Sunday, June 23, 2024

Over the past 70 years, the skateboard has been on quite a ride. It first emerged in 1950s Los Angeles as a humble, homemade toy, but, before long, it became a bona fide cultural phenomenon — spawning skate parks, street style and video games before, finally, becoming an Olympic sport at the 2020 Games.

The global value of the skateboard market has also sped along, with the data gathering service Statista projecting total worldwide skateboard sales to hit $2.26 billion this year.

As the board has gained fans, the craftsmanship behind it has also evolved, one focus of “Skateboard,” an exhibition at the Design Museum in the Kensington district of London (through June 2). The show charts the evolution of the board’s design from 1953 to 2023, in the form of 96 skateboards and skate decks; skateboard components; and gear.

According to Jonathan Olivares, the industrial designer and skateboarder who curated the exhibition, which was sponsored by the brand Converse, the boards on display were chosen because they represent major advances in design and performance. The 1969 Makaha LX 10, for example, “enabled the first tricks that were native to the skateboard, not just lifted from surfing,” he said, and it was the first board to have a kick tail, an innovation pioneered by Makaha’s founder, Larry Stevenson. That upward curve at one end of the board, Mr. Olivares explained “allows you to pivot on the back wheels.”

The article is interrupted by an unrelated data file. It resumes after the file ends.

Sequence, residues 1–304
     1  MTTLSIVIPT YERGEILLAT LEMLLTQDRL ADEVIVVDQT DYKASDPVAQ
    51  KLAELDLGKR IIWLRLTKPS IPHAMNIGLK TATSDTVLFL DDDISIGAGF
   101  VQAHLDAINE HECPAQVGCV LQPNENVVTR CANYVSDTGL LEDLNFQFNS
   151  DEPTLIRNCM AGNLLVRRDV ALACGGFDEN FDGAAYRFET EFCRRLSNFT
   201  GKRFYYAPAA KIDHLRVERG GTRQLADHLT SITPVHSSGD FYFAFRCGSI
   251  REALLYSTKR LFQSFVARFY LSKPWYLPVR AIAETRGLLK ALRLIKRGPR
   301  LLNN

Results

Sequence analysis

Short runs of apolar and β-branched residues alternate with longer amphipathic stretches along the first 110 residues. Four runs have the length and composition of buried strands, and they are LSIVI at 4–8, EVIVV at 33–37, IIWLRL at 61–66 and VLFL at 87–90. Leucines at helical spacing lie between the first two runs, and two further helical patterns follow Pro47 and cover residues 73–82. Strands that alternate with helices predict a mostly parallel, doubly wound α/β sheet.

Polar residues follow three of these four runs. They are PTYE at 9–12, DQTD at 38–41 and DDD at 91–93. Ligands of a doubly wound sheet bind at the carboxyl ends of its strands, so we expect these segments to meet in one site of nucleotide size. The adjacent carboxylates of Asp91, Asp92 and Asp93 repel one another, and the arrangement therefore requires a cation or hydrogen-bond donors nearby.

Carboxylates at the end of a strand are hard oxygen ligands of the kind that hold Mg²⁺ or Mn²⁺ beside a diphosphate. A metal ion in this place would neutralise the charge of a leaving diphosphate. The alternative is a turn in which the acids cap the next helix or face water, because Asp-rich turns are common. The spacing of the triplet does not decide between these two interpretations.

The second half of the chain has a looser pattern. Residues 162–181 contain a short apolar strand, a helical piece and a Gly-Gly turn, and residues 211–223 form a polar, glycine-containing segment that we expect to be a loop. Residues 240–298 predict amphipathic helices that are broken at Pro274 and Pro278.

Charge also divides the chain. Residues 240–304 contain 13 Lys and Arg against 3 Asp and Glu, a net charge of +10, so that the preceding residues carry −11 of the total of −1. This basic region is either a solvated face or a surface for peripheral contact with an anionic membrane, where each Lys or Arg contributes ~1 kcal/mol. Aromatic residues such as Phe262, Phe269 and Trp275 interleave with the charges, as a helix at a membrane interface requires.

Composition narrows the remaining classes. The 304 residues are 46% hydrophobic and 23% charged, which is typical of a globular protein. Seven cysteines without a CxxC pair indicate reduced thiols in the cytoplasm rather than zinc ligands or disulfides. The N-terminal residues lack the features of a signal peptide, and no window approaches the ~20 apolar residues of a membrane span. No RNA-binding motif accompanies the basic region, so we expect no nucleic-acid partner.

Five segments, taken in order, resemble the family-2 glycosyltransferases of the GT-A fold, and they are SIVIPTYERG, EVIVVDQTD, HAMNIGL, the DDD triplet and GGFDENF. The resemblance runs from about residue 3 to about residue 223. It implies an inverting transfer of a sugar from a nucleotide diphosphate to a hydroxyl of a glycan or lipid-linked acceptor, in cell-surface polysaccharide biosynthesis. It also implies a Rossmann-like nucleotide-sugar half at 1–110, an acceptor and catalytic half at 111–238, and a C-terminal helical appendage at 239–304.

There also is a deck that Unity Skateboards, a queer skateboard collective in California, created this year, featuring a figure sitting on the shoulders of another pink figure with words reading, clockwise: “LIKE IT OR NOT!!! UNITY TOGETHER AS ONE UNITY.”

Mr. Olivares wrote in a later email that Unity Skateboards is “the first skate brand that is founded by an LGBTQIA+ skate crew, and that creates a space for LGBTQIA+ skaters in the market.”

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